would produce this output.


Does anyone know how to correctly enable the message of the day and
the greeting?


--
Kevin O'Gorman, PhD



I found this thread.

http://forums.gentoo.org/viewtopic-t-97905-highlight-motd.html

I haven't used it but may be worth looking at to compare notes.

Dale

:-) :-)
 
Old 07-08-2010, 07:25 PM
David W Noon
 
Default /etc/motd and /etc/issue just error out....

On Thu, 08 Jul 2010 19:10:02 +0200, Alan McKinnon wrote about Re:
[gentoo-user] /etc/motd and /etc/issue just error out....:

>On Thursday 08 July 2010 18:29:56 Kevin O'Gorman wrote:
[snip]
>> Does anyone know how to correctly enable the message of the day and
>> the greeting?

If you are using PAM for authentication of logins, there is a motd
parameter in /etc/pam.d/login. Its default value is /etc/motd.

>Is this a console login or via ssh?
>
>Is sshd configured to use login, or to do all that itself?
>/etc/issue doesn't show up on console logins, it is for ancient stuff
>like telnet and rlogin, never for console login.

I thought /etc/issue was for the *getty programs to emit a pre-login
greeting/warning/whatever, and was unrelated to login.
--
Regards,

Dave [RLU #314465]
================================================== ====================
dwnoon@ntlworld.com (David W Noon)
================================================== ====================
 
Old 07-08-2010, 07:45 PM
Alan McKinnon
 
Default /etc/motd and /etc/issue just error out....

On Thursday 08 July 2010 21:25:03 David W Noon wrote:
> >Is sshd configured to use login, or to do all that itself?
> >/etc/issue doesn't show up on console logins, it is for ancient stuff
> >like telnet and rlogin, never for console login.
>
> I thought /etc/issue was for the *getty programs to emit a pre-login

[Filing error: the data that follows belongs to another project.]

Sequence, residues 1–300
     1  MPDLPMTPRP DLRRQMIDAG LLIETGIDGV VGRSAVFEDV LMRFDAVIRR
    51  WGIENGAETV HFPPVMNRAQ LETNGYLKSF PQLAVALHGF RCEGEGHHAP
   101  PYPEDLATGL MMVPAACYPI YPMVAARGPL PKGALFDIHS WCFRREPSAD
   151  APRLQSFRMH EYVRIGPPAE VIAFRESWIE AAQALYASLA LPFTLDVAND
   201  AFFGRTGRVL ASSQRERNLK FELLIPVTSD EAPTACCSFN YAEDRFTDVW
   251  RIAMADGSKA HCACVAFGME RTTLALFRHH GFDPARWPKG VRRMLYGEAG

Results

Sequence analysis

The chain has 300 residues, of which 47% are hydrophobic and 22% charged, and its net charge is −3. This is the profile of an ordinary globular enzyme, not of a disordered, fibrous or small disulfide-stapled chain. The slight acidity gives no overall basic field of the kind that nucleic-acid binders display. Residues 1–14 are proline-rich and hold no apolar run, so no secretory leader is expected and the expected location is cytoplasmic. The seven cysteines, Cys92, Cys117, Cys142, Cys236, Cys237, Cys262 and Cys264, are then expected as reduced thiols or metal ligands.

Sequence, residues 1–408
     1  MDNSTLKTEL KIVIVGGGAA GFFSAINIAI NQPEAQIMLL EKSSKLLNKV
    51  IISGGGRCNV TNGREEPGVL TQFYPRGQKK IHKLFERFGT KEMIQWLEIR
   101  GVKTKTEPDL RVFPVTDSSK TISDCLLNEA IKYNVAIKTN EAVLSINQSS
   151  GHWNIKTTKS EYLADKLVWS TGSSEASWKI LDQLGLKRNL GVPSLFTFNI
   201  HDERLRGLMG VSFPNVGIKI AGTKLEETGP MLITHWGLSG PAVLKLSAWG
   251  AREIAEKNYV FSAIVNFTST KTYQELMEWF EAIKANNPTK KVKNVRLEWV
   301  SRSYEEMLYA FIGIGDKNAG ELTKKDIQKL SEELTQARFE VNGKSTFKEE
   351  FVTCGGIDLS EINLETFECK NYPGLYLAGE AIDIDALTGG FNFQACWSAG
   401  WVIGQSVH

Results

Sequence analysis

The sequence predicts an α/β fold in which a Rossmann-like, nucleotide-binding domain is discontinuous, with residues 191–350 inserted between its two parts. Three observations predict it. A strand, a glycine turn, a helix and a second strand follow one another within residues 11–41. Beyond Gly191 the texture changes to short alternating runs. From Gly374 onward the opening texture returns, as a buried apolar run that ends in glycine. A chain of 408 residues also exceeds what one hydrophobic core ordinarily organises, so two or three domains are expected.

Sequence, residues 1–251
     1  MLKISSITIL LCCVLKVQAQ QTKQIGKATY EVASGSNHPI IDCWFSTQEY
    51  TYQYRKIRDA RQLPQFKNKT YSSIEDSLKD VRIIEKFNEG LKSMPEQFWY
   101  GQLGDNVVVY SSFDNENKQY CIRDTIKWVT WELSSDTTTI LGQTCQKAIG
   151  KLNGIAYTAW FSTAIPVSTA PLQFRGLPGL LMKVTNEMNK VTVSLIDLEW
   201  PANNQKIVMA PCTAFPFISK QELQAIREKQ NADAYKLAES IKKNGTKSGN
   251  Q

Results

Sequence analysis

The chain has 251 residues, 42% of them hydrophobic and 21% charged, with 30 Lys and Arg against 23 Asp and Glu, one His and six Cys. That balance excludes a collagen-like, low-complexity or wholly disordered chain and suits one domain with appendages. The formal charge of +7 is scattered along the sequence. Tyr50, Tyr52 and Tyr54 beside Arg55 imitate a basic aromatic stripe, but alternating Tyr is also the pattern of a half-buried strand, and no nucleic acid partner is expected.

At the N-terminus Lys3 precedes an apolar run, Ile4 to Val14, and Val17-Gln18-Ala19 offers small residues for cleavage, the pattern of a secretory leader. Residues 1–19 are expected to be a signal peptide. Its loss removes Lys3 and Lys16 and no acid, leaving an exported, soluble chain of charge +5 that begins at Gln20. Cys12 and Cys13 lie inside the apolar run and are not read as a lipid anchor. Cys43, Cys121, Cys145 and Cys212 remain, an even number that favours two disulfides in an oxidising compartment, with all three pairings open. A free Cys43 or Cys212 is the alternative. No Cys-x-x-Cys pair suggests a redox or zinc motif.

> greeting/warning/whatever, and was unrelated to login.

Yes, you are right. The one for network logins is /etc/netissue or issue-net
or some such.

It's been years since I went anywhere near that stuff, and wetware RAM is
notoriously bad ;-)


--
alan dot mckinnon at gmail dot com
 
Old 07-09-2010, 04:02 AM
"Kevin O'Gorman"
 
Default /etc/motd and /etc/issue just error out....

On Thu, Jul 8, 2010 at 12:45 PM, Alan McKinnon <alan.mckinnon@gmail.com> wrote:

On Thursday 08 July 2010 21:25:03 David W Noon wrote:

> >Is sshd configured to use login, or to do all that itself?

> >/etc/issue doesn't show up on console logins, it is for ancient stuff

> >like telnet and rlogin, never for console login.

>

> I thought /etc/issue was for the *getty programs to emit a pre-login

> greeting/warning/whatever, and was unrelated to login.



Yes, you are right. The one for network logins is /etc/netissue or issue-net

or some such.



It's been years since I went anywhere near that stuff, and wetware RAM is

notoriously bad ;-)



Well, I mostly wanted to make the stuff work, then sort out which piece was which.
I have only 3 kinds of login: consoles (Ctl-Alt-F1, etc), ssh logins, and window manager
logins.* For the window manager, I imagine I'm stuck with tweaking /etc/profile, or some

such, depending on the shell (always bash on this machine).

It just seemed perverse that the one way I found to make them work also makes something
emit error messages.* Grrrrrrr.

--
Kevin O'Gorman, PhD